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Used BMW M5 review: 1990-1993

M spells 'magic'where BMWs are concerned, particularly when it’s accompanied by the number ‘5’. In the case of BMW ‘M’ is the universally recognised symbol for the company’s ‘M Sport’ special tuning arm, which takes ordinary BMWs and transforms them into some of the greatest sporting models yet seen.

It began in the 1970s with the M1 sports coupe, but gathered pace in the 1980s with the release of the first M3 and its bigger brother, the M5.

The E34 M5 was the first of the line that continues with today’s awesome model. While the current M5 is well out of reach of most of us the earlier models like the E34 are also awesome sports sedans and much more affordable.


The M5 first appeared in local showrooms in 1990 when we were given a taste of sophisticated sports motoring in the form of the E34 model. That first model ran for barely three years before it left the market, to return in 1999 in the later E39 guise.

The E34 5-Series was a great car to begin with which makes it a perfect foundation for the M5.

The great thing about the M5 is that it’s barely recognisable as anything other than a regular 5-Series. The external changes are subtle so only the informed would pick it as something special.

There is a subtle front airdam and side skirts, but no wild wing on the boot. The alloy wheels are larger than those on the regular 5-Series and there’s an M5 badge on the grille, but that’s about it.

At the M5’s heart is the wonderful BMW six-cylinder engine. At 3.5 litres the 24-valve double overhead camshaft six is silky smooth and the extra tuning by BMW Motorsport makes it sing even sweeter.

The power peaks at 232 kW at 6900 revs while the torque peaks with 360 Nm at 4750 revs. It’s red-lined at 7000 revs, with an electronic limiter set at 7200 revs to keep the most enthusiastic drivers in check when the engine feels as though it could happily rev on forever.

When pressed that’s sufficient to propel the four-door flyer to 100 km/h in 6.7 seconds, and cover the standing 400-metre sprint in 15 seconds, before hitting an electronic wall at 250 km/h.

The real strength of the M5 is its ability to cruise at very high speeds over long distances, it’s really built to burn on the ’bahns of its homeland.

BMW offered the M5 with a five-speed manual transmission only. It had a slick shift that was precise and a joy to use. Through the gears it would do 60 km/h in first, 100 km/h in second, 155 km/h in third, 209 km/h in fourth and 250 km/h in top.

Under the understated skin lay MacPherson Strut front suspension and semi-trailing arm independent rear suspension, tweaked of course by BMW Motorsport to produce response and balance that is nothing less than awe inspiring.

Big discs at both ends provide powerful braking while standard antilock electronics deliver added safety.

Not surprisingly the M5 came well equipped. Leather-trimmed powered sports seats were standard along with a sports steering wheel, climate control air-conditioning, trip computer, premium sound, central locking, and a sunroof.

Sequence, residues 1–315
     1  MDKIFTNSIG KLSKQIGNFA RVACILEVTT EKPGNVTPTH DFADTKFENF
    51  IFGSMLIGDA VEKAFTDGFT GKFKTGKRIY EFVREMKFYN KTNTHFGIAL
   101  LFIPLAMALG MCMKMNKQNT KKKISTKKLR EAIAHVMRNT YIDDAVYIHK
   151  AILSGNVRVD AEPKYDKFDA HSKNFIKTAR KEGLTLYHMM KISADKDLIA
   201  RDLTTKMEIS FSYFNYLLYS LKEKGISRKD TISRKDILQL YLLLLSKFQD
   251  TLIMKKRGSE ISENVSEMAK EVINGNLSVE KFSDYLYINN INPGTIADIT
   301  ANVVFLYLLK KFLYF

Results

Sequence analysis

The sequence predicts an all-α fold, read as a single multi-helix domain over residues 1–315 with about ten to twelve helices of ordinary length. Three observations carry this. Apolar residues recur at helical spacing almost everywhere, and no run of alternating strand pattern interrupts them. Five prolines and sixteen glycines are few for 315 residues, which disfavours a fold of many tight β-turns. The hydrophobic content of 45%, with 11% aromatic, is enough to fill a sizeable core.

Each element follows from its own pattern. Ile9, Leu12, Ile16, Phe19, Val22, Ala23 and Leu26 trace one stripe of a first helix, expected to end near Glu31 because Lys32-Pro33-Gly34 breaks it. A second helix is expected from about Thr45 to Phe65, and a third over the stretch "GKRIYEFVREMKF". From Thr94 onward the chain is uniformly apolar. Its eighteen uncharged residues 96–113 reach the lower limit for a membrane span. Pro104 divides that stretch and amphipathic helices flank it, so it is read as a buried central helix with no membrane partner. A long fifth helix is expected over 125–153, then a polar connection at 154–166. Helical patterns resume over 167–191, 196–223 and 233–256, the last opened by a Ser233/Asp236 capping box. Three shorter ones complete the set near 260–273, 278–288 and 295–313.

There are few flaws with the M5. The engine is bullet-proof, but needs proper servicing, even more so if it’s been driven hard.

The reality is that most of these cars are bought by people who rarely push them to the limit of their extreme capabilities so most are kept in good condition.

The most common problem is the gearbox, in which second gear synchro is a weakness, so check carefully for any reluctance when trying to select second.

On such a high performance car it’s important to use good tyres and brakes and they will be expensive, so be prepared to spend some money on maintaining the performance.


Recent surveys of cars in crashes suggest the E34 BMW is average in both protection of its occupants and its impact on those in cars it hits.

In its favour the M5 has the steering, handling and braking prowess to avoid collisions, but without airbags its secondary line of protection is a little lacking by today’s standards.


Simon Ansell has owned plenty of exotic performance cars, like an Audi Quattro, Lancia Delta Integrale, BMW M3, and a couple of Golf GTis, and says his M5 is one of the most fantastic cars he’s owned. He has restored it to as new condition as the previous owner lived in the country so it got a bit stone chipped. It has had a new gearbox, but other than that big job it has had a relatively trouble free run. One of the things he likes about it is that only motoring people know what it is and it is still so quick for a car of its size. The engine is an absolute gem and sounds sensational when run to the red line.


• subtle styling hides performance potential

• superb six cylinder engine

• possible synchro problems in gearbox

• silky smooth performance

• understated looks


One of the best sports sedans ever made if you can afford it.




Year Price From Price To
1993 $8,200 $12,760
1992 $7,800 $12,100
1991 $7,800 $12,100
1990 $7,800 $12,100

View all BMW M Models pricing and specifications

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M5 3.5L, PULP, 5 SP MAN $7,800 – 12,100 1990 BMW M Models 1990 M5 Pricing and Specs
Graham Smith
Contributing Journalist


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